Police: hostage-taker gave no signs of compromise

Nation-_Firefighters_hostages.jpgA Gwinnett County Police Department crime scene investigator carries a handful of used stun grenades Thursday afternoon, April 11, 2013, outside the Suwanee, Ga., house where Lauren Brown held firefighters hostage the night before. (AP Photo/Atlanta Journal Constitution, Ben Gray)

SUWANEE, Ga. — As a gunman held four firefighters hostage in his Georgia home, police tried to buy time and create a rapport by meeting his initial demands. But when his requests became unreasonable and negotiations seemed to go nowhere, police said, officers stormed the house and killed him after he fired on them.

Authorities on Thursday provided new details on Wednesday’s hostage-taking north of Atlanta, including how the suspect — 55-year-old Lauren Brown — lured firefighters to his home.

Meanwhile, some who knew Brown said he’d suffered from disabling medical problems and was struggling financially, and that he had lived across the street from his ex-wife.

Gwinnett County Police Chief Charles Walters said Brown called 911 complaining of chest pains Wednesday afternoon, and five Gwinnett County firefighters arrived at 3:48 p.m., believing it was a routine call. Brown was lying in bed and appeared to be suffering from a condition that left him unable to move. But when they approached the bed to help him, he pulled out a handgun, Walters said.

Brown told his hostages he had spent weeks planning the ambush and targeted firefighters rather than police officers so he wouldn’t be shot, Walters said. Investigators found half a dozen guns in his house.

One of Brown’s first demands was to move the fire truck and ambulance from in front of his house, and he released one firefighter to accomplish that, police said.

Next he asked that power be restored to his house, which was in foreclosure; that his cellphone be reactivated; and that his cable and Internet service be turned back on. Police checked and learned that those services had all been deactivated due to non-payment. They worked with the utilities and companies to get them turned back on.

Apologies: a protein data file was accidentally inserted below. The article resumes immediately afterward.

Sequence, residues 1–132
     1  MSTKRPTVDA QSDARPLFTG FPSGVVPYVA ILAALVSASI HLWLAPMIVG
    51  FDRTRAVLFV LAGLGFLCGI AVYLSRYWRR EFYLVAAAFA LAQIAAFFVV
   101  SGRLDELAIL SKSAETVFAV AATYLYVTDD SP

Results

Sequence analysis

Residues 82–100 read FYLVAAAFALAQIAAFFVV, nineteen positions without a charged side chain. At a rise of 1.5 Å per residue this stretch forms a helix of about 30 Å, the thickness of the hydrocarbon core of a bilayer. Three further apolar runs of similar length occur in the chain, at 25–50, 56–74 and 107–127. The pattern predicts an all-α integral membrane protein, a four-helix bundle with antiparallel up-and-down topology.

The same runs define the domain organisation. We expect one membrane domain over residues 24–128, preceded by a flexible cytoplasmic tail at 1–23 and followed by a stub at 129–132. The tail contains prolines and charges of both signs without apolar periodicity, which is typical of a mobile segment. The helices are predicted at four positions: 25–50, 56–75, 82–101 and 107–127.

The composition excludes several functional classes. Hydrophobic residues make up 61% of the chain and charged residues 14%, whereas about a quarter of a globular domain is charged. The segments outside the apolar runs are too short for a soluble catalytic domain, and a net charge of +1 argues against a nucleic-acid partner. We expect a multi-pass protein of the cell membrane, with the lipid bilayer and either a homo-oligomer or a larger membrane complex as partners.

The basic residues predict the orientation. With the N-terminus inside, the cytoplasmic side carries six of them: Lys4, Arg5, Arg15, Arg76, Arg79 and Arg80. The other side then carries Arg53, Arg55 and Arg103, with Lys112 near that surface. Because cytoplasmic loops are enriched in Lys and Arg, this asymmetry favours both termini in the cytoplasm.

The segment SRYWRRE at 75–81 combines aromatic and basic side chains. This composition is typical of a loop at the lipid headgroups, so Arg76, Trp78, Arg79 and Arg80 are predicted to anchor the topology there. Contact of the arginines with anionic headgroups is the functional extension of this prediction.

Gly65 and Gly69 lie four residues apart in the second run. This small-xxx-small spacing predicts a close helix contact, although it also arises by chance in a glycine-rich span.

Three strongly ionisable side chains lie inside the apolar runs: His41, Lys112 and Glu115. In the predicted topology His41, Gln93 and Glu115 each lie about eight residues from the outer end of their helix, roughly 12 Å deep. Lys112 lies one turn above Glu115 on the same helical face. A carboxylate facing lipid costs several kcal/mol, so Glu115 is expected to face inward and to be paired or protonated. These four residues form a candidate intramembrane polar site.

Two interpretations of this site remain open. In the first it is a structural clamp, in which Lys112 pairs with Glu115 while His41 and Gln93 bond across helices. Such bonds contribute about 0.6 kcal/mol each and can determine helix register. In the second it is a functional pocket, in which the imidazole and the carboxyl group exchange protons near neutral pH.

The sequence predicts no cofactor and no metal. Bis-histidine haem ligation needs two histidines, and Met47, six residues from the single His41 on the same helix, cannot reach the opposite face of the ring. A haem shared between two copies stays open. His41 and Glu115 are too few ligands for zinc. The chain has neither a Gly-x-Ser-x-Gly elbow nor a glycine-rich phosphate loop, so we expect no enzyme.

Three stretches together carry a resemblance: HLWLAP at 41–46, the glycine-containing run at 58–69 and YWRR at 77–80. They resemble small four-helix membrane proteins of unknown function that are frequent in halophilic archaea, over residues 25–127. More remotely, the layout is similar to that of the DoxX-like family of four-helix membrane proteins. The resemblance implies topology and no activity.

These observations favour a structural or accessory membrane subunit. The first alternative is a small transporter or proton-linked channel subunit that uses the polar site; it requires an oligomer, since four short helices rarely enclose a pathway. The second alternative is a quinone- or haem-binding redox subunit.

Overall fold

Then Brown asked for a meal to be brought in from a fast-food seafood restaurant for him and his hostages. But he had also asked about an hour earlier for police to bring tools and wood and to board up the windows and doors of his house from the outside.

“That was the one we couldn’t realistically meet,” Gwinnett police Cpl. Jake Smith said, adding that they didn’t want to fortify Brown inside with the hostages.

Instead, a SWAT officer carrying the food approached the house in Suwanee, about 35 miles northeast of Atlanta.

Other SWAT members set off a stun blast to distract Brown and stormed the house. Police said Brown opened fire on the first officer as he entered the bedroom. The man was hit in the left arm by one of the shots, but managed to return fire, killing Brown. Before Brown fired, police told him to drop his weapon, Walters said.

Thursday, it wasn’t immediately clear why Brown had lashed out. Brown had separated from his wife years earlier, but he had lived across the street from her, her new husband and Brown’s two children, according to neighbors and people who knew the family.

“We knew he wasn’t quite normal, but this is a real shock,” said David Books, a former colleague of Brown’s and a friend until they had a falling out years ago. He said he never noticed any signs that Brown could be violent.